Let Us Fast in EarnestThus, let us begin on these fasting days to give ourselves to an intent study of fasting and prayer; and let us, at the same time, begin to fast and pray indeed.
” class=”tooltip”>Part 1/1: Let us Fast in Earnest
The Meaning and Significance of FastingFasting is a necessary means for success in the spiritual life and for attaining salvation; for fasting—depriving the flesh of excessive food and drink—weakens the force of sensual drives.” class=”tooltip”>Part 1/2: The Meaning and Significance of Fasting
Accustoming Ourselves to FastingTo make our disposition towards fasting firm, we have to accustom ourselves to fasting slowly, carefully, not all at once, but gradually—little by little.” class=”tooltip”>Part 1/3: Accustoming Ourselves to Fasting
Spiritual FastingLet the mind fast, not permitting empty and bad thoughts; let the heart fast, refraining from sinful feelings; let our will fast, directing all our desires and intentions to the one thing needful…” class=”tooltip”>Part 1/4: Spiritual Fasting
What is Prayer?A great prayerful power is at work in the prayers of the Holy Fathers, and whoever enters into them with all his attention and zeal will certainly taste of this prayerful power to the extent that his state of mind converges with the content of the prayer.” class=”tooltip”>Part 2/1: On Prayer. What is Prayer?
How to Prepare for Prayer?Thus, if you want to pray, gather all your thoughts, lay aside all external, earthly cares, and present your mind to God and gaze upon Him.” class=”tooltip”>Part 2/2: How to Prepare for Prayer?
How to Pray?Absorb every word of prayer, bringing the meaning of every word into your heart; that is, understand what you read and feel what you have understood.”>Part 2/3: How to Pray?
Having learned to turn to God with your heart and mind with written prayers, you must then teach yourself to turn to Him with your own prayerful sighs as often as possible.
After finishing your prayer rule, especially in the morning, say with St. Dmitry of Rostov: “Go forth, holy contemplation, and let us immerse ourselves in reflection on the great works of God.” During this, sit down and begin to reflect—now on one, tomorrow on another of God’s properties and works, and produce the corresponding disposition in your soul; touch your heart with this, and you’ll begin to pour out your soul in prayer.
Begin, for example, to reflect on the goodness of God, and you’ll see that you’re surrounded by the mercies of God both physically and spiritually, and you’ll fall before God in an outpouring of feelings of gratitude. Begin to reflect on the omnipresent God, and you’ll understand that you are before God everywhere and God is before you, and you can’t help but be filled with reverent awe. Begin to reason about the truth of God and you’ll be assured that no evil deed goes unpunished, and you’ll certainly resolve to cleanse all your sins with heartfelt contrition before God and repentance. Begin to reflect on omniscience, and you’ll know that nothing in you is hidden from the eye of God, and you’ll certainly resolve to be strict with yourself and attentive in everything, so as not to offend the All-seeing God in any way. This is the first means of teaching the soul to turn to God with its prayer, that is, divine contemplation, as often as possible.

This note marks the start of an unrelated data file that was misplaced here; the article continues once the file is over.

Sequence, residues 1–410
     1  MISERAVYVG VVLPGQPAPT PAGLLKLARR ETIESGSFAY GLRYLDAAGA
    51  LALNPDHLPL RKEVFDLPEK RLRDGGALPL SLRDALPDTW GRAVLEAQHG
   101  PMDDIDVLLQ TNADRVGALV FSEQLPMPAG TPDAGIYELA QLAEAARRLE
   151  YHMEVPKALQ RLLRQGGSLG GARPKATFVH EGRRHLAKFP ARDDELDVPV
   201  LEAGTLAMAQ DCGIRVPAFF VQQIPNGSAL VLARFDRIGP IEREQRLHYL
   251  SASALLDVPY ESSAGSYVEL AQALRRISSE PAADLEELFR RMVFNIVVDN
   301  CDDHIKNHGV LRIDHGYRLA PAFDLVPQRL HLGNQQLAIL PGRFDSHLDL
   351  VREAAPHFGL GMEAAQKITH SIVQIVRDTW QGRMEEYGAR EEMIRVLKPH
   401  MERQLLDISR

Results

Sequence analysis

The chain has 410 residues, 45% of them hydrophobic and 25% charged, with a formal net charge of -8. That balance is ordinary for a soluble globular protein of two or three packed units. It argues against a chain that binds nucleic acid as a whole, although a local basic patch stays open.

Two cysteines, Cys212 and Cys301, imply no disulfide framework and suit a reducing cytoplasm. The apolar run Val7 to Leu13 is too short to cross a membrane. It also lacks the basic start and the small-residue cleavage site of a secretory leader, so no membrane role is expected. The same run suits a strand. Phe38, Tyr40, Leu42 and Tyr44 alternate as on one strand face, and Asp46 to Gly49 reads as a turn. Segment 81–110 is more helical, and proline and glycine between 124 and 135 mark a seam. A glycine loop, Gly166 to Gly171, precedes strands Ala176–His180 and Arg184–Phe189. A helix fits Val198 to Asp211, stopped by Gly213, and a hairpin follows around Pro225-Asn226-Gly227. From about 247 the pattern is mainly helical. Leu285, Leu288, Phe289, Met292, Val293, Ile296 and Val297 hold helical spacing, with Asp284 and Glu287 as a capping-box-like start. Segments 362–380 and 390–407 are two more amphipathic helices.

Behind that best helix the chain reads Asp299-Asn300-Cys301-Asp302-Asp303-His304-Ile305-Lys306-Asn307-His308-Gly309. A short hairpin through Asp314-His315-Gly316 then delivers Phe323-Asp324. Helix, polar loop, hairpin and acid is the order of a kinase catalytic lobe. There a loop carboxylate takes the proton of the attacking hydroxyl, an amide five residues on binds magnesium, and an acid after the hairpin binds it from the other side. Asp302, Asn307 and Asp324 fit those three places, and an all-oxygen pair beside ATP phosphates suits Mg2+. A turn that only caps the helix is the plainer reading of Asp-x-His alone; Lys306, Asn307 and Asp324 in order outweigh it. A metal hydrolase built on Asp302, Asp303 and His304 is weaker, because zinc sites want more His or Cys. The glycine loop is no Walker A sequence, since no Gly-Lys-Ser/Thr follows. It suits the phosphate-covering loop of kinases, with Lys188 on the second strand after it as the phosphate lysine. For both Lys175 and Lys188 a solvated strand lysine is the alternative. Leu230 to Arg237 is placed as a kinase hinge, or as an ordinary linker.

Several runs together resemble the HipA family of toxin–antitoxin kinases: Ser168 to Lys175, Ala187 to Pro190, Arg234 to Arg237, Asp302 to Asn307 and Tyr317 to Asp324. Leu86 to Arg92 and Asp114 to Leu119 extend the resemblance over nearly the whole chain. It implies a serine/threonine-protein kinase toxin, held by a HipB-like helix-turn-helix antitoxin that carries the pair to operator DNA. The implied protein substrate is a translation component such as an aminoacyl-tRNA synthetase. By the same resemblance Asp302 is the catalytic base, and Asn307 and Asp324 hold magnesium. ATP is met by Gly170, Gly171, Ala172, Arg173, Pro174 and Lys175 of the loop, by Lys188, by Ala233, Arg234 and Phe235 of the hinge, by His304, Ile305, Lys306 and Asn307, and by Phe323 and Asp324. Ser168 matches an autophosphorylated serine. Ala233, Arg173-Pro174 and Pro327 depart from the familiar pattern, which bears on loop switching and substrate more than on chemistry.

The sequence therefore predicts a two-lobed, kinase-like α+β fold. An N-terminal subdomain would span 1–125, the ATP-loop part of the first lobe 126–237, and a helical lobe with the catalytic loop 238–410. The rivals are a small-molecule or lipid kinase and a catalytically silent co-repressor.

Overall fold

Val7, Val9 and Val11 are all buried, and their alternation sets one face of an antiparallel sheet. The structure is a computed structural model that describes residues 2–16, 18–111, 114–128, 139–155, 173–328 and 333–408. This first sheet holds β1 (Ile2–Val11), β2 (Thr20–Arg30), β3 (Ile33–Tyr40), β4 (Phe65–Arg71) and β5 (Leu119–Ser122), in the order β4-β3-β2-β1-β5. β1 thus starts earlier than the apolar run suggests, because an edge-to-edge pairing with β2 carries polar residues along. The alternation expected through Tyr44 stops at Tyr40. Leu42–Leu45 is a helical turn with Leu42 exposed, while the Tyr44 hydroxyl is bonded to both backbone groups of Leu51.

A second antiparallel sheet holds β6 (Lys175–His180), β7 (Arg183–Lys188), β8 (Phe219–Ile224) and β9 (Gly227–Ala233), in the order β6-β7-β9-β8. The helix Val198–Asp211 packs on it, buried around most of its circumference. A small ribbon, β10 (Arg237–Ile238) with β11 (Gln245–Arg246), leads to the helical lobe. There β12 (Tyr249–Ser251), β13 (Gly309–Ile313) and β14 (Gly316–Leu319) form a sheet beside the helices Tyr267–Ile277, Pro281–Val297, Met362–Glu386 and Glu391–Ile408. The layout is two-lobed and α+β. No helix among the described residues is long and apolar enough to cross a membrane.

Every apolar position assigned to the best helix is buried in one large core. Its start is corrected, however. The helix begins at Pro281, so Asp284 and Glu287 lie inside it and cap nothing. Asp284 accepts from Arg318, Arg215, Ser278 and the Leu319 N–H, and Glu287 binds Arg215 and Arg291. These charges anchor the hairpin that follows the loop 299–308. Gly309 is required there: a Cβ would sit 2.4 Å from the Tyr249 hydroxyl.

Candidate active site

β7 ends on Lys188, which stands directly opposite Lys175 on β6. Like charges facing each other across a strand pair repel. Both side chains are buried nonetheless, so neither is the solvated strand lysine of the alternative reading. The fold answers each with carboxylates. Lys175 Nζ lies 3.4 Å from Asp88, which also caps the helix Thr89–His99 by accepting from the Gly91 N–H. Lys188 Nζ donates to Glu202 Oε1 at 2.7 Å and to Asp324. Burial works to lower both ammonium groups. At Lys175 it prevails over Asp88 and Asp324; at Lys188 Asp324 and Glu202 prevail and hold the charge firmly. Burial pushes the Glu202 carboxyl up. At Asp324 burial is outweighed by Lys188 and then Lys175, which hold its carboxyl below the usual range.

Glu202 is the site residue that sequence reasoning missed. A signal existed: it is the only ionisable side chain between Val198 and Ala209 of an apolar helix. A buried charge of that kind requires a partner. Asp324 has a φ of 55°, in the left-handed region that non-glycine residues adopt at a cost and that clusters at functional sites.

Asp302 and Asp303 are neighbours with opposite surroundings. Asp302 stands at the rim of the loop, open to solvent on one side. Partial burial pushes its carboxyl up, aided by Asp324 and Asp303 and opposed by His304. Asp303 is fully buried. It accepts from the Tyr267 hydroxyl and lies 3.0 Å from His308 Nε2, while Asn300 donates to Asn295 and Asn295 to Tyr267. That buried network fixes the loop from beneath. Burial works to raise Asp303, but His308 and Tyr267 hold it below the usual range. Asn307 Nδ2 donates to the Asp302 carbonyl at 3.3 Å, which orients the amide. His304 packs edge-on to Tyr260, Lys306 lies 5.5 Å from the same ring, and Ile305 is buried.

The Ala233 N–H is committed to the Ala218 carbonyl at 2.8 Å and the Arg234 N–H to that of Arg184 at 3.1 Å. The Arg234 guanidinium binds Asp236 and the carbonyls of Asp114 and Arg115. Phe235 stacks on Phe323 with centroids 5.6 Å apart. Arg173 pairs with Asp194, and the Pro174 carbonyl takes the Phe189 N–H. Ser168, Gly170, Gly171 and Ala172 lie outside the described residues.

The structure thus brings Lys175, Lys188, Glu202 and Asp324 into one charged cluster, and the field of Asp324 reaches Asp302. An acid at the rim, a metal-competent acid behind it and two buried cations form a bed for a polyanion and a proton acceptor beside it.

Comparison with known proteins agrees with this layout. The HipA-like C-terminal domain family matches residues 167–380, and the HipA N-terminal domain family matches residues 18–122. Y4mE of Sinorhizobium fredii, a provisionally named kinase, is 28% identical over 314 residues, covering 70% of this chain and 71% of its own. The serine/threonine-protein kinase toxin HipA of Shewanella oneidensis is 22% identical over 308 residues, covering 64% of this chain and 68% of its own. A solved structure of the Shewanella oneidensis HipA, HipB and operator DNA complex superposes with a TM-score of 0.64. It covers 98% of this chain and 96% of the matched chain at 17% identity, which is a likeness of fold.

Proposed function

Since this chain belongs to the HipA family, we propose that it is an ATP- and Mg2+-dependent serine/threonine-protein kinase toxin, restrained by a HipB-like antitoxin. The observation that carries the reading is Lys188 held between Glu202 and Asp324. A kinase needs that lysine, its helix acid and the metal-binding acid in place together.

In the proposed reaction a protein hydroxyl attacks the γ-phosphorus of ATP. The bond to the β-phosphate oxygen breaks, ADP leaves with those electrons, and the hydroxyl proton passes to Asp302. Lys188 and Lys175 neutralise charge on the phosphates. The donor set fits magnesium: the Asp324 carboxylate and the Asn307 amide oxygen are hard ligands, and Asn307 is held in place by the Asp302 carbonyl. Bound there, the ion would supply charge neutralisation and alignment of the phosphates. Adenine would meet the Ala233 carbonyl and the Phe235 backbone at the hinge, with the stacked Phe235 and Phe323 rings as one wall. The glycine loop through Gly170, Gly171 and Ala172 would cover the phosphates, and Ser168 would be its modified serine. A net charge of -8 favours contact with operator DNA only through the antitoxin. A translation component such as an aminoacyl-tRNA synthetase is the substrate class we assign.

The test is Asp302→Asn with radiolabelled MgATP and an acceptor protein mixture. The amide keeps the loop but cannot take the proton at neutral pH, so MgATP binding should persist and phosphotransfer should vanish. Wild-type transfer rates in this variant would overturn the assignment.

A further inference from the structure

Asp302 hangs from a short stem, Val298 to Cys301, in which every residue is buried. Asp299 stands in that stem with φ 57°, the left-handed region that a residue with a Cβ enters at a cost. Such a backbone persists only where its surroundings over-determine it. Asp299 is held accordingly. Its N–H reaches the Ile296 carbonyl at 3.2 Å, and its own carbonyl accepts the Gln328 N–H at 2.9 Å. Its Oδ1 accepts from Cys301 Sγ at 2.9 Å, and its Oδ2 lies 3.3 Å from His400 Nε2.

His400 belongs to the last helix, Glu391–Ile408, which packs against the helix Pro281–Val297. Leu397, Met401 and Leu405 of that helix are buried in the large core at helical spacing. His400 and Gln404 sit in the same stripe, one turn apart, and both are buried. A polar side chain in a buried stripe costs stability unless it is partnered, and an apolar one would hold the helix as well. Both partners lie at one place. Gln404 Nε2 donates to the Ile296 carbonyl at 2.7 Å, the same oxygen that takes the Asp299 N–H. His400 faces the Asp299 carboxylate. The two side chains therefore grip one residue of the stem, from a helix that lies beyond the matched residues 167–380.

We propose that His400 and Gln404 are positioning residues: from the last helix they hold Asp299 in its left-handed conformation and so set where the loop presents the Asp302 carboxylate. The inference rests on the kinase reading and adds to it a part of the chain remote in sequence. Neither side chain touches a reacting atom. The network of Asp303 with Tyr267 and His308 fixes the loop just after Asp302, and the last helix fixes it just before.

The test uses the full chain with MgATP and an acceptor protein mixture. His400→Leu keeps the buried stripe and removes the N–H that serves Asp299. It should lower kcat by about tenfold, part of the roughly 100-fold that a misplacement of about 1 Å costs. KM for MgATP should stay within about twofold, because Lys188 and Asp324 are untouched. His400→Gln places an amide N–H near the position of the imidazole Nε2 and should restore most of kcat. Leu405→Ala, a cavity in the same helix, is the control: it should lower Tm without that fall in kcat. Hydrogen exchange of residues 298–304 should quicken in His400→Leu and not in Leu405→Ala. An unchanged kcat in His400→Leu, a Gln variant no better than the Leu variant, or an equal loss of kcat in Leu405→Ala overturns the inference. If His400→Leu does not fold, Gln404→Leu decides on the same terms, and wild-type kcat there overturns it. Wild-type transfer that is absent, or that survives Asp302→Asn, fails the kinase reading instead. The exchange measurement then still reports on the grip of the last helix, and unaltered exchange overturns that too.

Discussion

The second means for this is to turn every work to the glory of God. If you make it a rule for yourself, according to the Apostolic commandment (1 Cor. 10:31), to do everything, even eating and drinking, to the glory of God, then you will surely, in every deed, great or small, remember God; and not simply remember, but with fear, lest you act unseemly in any situation or offend God with any deed. This will make you turn to God with fear and prayerfully ask Him for help and admonition. And since we’re almost always doing something, we will almost always turn to God in prayer. We can thus teach our soul to turn to God as often as possible throughout the day.
The second means of teaching the soul to purely turn to God is to frequently call upon God from the heart with short words, according to the needs of the soul and current affairs. When you start doing something, say: “Lord, bless!” When you finish it, say not only with your tongue, but with the feeling of your heart: “Glory to Thee, O Lord!” When some passion arises, say: “Save me, Lord, for I am perishing!” When you’re in a darkness of confused thoughts, cry out: Bring my soul out of prison! (Ps. 141:10). When you’re faced with unrighteous deeds and being drawn into sin, pray: Guide me, O Lord, in Thy way (Ps. 85:10) or, “Give not my feet unto confusion!” (cf. Ps. 120:3). When sin suppresses you and leads you into despair, cry out with the voice of the publican: God, be merciful to me a sinner! (Lk. 18:13). And so on in every situation. Or simply say more often: “Lord, have mercy! My Lady, Most Holy Theotokos, save me! Angel of God, my holy guardian, keep and protect me!” Or cry out with other such words. Only, make these appeals as often as possible, and strive in every way so that they might come from your heart, as if squeezed out of it; and thus you will acquire the skill of noetic conversation with God.
And so, in addition to the prayer rule, following after it is divine contemplation—turning our every deed to the glory of God; short, heartfelt appeals to God are the most effective tools for acquiring a constant spirit of prayer and properly God-pleasing and beneficial prayer.
Oh, my beloveds, if we were disposed to pray according to the above, then with the help of the grace of the All-Holy Spirit, we would acquire a prayerful spirit and true prayer! Then we would grow a second wing of prayer, healthy and strong, and we would easily ascend to God on the wings of fasting and prayer.